Monday, February 28, 2011

The Game's the Thing: Thee Campaigns, Part Three: Summation

Keep it Gay
Roleplaying games do very well when they can be flexible. Humor is good for this because, hey, it is just a game after all. The goal isn't to gain experience, achieve a vicarious sense of accomplishment, or even to add numbers to more numbers to have the best numbers. No, the goal is to spend time with friends and have fun. Yes, a serious campaign of seriousness is a good idea, but it takes not only a prepared storyteller, but a cooperative set of players as well. I think because humor is the basis of a flexible campaign and because everyone is there to have fun, poking fun at the incongruities and laughing at the flaws are something that everyone's used to. It's like quoting Family Guy: it's an easy, safe way to get a laugh, but you have to get past it to get to that next level. Unlike Family Guy, getting into a serious campaign requires the dedication of an entire group, but promises greater rewards. On the part of the players, it requires a level of interaction greater than ignoring incongruities, but less than outright lampooning them. For the storyteller it requires distinct, consistent characters, easily readable tone, clearly explained plot points and devices, enough events to compel players to return, and a story sound enough to hold up to the scrutiny of characters (not players, necessarily).

Modest Casting
Ultimately, no matter how much you love your Non-Player Characters, the story is about your Player Characters. NPCs are great, but focusing on them is hard to do. If the spotlight is on the NPCs for too long, players might just feel like they're bit players in your grand design (and even if they are, they shouldn't be aware of that). PCs should be performing pivotal actions and making big decisions. It's not that NPCs shouldn't be important, it's that no matter how important we are, the actions of the characters are both center stage and of vital importance. If Divis Mal and Caestus Pax are duking it out in the skies above the players, make it the background for the players' actions. The ground trembles with the mighty blows of two titans, changing the dynamics of a fight with a set of lackies. Their powers surge just from being near a font of unfathomable quantum energies, making it difficult to control the force field they're using to protect civilians. The bright lights of their conflict act as a local strobe attack, imparing a player's ability to spot an assassin before it's too late. The Non-Player Characters are only important in that they affect what the Player Characters are doing.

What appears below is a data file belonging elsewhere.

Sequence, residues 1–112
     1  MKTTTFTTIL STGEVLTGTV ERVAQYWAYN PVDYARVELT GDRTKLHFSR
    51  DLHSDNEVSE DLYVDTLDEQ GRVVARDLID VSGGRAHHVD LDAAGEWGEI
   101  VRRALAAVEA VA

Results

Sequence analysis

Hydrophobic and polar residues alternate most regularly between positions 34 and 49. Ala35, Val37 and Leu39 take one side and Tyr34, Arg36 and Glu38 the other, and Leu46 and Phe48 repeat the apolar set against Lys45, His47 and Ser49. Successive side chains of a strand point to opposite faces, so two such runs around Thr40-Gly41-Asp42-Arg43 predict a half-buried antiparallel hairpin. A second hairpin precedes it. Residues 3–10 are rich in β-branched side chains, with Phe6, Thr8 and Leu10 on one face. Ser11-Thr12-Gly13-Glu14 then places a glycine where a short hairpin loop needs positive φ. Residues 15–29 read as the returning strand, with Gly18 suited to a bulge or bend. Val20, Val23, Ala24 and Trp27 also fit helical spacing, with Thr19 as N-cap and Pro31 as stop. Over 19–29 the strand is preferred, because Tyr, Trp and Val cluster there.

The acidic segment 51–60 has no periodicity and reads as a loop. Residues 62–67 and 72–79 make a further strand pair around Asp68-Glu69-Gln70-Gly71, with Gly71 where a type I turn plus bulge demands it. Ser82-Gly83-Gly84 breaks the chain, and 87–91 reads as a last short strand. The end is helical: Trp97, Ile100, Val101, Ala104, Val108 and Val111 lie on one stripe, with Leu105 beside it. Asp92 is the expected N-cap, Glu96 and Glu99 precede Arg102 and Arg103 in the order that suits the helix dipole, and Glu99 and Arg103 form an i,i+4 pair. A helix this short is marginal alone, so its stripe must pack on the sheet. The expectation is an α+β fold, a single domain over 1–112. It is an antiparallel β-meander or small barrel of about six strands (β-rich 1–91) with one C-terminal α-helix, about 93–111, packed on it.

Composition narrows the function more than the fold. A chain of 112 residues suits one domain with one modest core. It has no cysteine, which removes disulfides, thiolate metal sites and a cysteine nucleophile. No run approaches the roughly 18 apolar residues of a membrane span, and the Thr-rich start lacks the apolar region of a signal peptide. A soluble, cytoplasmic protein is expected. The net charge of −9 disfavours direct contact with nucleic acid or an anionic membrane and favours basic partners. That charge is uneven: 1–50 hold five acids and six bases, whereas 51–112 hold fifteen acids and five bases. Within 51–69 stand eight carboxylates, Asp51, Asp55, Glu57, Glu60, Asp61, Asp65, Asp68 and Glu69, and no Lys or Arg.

Since you can't focus extensively on NPCs, you have little opportunity to characterize them. Even if you put them in a role where interacting with them is natural and important, like when they're used as a gatekeeper or a quest source, they tend to be seen in that light alone. Having fewer NPCs means that you can spend more time to develop each one and make them into memorable, well-regarded characters. Then, the treachery comes.

Implicit in this is team unity. No one likes the artificial feeling that your characters are just working together because it's easier to run the game, but there it is. Shit happens. A good storyteller can dress it up a bit, but that's exactly what you're looking at. Spreading out your team increases all of their social contacts, their settings, etc., etc.. When they're together, they can share a series of acquaintances and villains, while they can still have an NPC or two on the side to help flesh them out.

Modest Storytelling
In both tone and frequency of play, if you just play, rough spots will take care of themselves. That's partially what the humor is for, really. Three sessions with a 'meh,' story, equitable storytelling, a few familiar characters, and clear action will be better than one good story with all of those things. Most people just want to play. If nothing else, there's little better in terms of learning the rules than actually making players search for them in a futile attempt for their characters to survive.

If you do have an epic, amazing, fantastic story to tell, one which pierces to your very core as you feel its roots penetrating your heart and see its delicate branches caressing your core book, you should probably make that story a novel and keep your players away from it forever (I've heard that Stephen King still hasn't told his players about The Stand). In all liklihood, my next Novel Writing Month exercise will, in fact, be the beginning of a series of New Port City stories. Roleplaying stories are short and give characters the chance to add a completely random element to the mix. They are about the characters, and characters are to delicately woven stories what hormonal armored bulls are to china shops; immune to all forms of insurance.

Parts One and Two.

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